“There are a lot of students that will succeed without your help, but I’ve always gravitated to those programs and schools and … the students who, without your intervention or support, may not make it,” he says. “It almost goes full circle back to when I didn’t get the right help when I was young.”

It warms Bird’s heart thinking about a hard-working, end-of-the-bench football player named Reggie, who made a key tackle during a championship game in a rare playing opportunity. The moment meant the world to Reggie, Coach Bird, and inspired onlookers.

He’ll never forget a card he received at graduation from parents of a student he’d worked closely with for years. The card included a message of gratitude: “Thank you for all you’ve done to help Matt. … Always remember, when you take a child by the hand, you take a parent by the heart.”

He’s also touched by the memory of a dad in prison who spoke at South Park’s graduation ceremony after working to become an honor graduate. During his speech, the adult student, who thought he was unable to be a good dad or role model from prison, looked at his smiling 13-year-old daughter in the crowd and said, “You’ve always been there for me. I’m getting my diploma today because maybe I can show you that education is important no matter where you’re at and to be an example to you today.”

Bird has been on all sides of taking a child (or adult) by the hand and taking loved ones by the heart.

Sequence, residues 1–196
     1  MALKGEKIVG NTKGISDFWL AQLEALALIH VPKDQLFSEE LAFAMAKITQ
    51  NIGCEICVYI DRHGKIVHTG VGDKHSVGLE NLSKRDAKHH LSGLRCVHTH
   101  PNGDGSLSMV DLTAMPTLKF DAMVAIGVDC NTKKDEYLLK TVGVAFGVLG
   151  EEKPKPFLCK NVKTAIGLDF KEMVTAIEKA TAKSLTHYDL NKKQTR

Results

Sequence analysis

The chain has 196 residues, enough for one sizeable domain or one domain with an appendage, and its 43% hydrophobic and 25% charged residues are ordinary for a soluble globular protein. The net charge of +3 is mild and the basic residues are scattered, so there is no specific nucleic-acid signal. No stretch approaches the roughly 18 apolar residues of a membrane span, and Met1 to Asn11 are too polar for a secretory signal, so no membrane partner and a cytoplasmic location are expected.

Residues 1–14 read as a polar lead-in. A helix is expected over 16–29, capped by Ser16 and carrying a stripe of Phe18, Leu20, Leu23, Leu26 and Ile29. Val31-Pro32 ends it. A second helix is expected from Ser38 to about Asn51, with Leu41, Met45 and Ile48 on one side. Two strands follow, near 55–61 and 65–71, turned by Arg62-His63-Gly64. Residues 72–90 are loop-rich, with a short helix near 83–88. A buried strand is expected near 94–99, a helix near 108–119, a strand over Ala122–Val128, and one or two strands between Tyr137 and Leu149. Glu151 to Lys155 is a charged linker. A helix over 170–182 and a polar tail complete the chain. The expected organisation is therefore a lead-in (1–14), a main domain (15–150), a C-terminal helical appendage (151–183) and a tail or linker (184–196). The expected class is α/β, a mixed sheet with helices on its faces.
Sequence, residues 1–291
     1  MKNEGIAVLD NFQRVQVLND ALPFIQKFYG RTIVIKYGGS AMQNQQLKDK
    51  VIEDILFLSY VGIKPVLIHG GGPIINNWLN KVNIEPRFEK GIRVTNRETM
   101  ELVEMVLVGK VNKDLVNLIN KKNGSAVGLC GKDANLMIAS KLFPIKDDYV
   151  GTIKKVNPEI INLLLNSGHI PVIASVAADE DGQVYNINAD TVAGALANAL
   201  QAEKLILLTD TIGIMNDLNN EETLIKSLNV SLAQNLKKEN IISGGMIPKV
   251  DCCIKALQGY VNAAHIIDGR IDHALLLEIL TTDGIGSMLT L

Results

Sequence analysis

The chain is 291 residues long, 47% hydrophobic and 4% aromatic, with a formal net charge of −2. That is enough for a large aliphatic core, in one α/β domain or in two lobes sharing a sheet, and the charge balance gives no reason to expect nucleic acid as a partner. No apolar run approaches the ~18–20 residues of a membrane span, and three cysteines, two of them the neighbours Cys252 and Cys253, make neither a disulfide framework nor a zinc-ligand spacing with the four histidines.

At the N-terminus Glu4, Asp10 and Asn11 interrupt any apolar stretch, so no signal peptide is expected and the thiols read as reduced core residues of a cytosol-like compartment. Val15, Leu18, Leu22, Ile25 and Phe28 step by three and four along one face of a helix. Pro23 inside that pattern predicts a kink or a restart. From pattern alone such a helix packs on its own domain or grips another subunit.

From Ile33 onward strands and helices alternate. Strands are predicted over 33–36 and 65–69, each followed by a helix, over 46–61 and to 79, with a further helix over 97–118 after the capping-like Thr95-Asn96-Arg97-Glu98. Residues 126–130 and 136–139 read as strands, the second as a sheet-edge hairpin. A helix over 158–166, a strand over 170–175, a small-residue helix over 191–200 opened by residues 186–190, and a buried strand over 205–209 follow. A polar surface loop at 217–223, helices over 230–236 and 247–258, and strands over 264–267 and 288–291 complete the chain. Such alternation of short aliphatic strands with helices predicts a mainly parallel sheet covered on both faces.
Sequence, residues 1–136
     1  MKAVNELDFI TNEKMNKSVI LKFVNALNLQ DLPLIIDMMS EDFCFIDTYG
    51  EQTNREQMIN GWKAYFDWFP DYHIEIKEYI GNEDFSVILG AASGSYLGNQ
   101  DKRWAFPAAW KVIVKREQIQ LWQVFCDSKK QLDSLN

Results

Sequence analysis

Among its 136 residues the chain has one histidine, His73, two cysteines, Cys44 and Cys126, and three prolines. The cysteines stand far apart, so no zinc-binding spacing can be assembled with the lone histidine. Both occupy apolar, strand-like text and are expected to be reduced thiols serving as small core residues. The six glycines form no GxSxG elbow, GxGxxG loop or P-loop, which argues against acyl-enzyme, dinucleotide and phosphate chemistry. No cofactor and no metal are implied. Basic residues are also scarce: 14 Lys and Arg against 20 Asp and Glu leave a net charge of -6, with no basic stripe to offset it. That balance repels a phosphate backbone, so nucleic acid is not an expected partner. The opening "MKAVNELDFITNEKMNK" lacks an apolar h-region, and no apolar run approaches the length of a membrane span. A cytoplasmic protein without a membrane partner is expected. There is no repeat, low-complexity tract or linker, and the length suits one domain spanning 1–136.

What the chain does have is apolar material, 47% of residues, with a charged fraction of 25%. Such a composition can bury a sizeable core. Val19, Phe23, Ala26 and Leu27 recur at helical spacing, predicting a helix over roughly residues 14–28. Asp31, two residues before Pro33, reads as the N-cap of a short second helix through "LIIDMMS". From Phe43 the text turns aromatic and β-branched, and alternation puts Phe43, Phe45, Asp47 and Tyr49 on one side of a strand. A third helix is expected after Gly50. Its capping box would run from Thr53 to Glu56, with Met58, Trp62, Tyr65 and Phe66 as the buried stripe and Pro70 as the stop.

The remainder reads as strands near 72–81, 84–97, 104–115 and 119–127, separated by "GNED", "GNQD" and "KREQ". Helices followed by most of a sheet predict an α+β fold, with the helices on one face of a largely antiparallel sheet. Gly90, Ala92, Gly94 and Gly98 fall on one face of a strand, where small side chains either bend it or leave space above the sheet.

“I could even say in adult education that you could switch that up,” Bird says. “You take an adult student by the hand, figuratively, and you help them and you guide them through their education or you help them in life and the people who love them, love you.”

As he leaves his unexpected career in education behind, Bird is grateful to have helped make a difference.

“In 35 years, hopefully I’ve impacted a ton of people positively,” he says. “I tried to always be positive and help people every way I could. But I’m pretty sure I don’t realize the impact I’ve had on others over the years. I don’t know if that’s anything you can really measure, but it’s something we do in education.”

Below is a list of these events to bid bon voyage to CSD’s departing teachers, administrators and Education Support Professionals. To be added to the list below, email the name of the retiree and the date, time and place of the Open House to communications@canyonsdistrict.org

Retirement Open House Events

  • An Open House for Becky Morgan will be held on Friday, May 6, 2:30-3:30 p.m. in Bell View Elementary’s library, 9800 S. 800 East in Sandy.
  • An Open House for Corner Canyon High’s Debbie Clark and Jeanne Shaw will be held on Tuesday, May 10, 2:30 p.m. to 4:00 p.m. at Corner Canyon High’s library 12943 South 700 East in Draper.
  • An Open House for Draper Elementary’s Marian Broderick, Spring Park, and Christy Waddell will be held on Monday, May 16, 3:30-5 p.m. at Draper Elementary, 1080 E. 12660 South in Draper.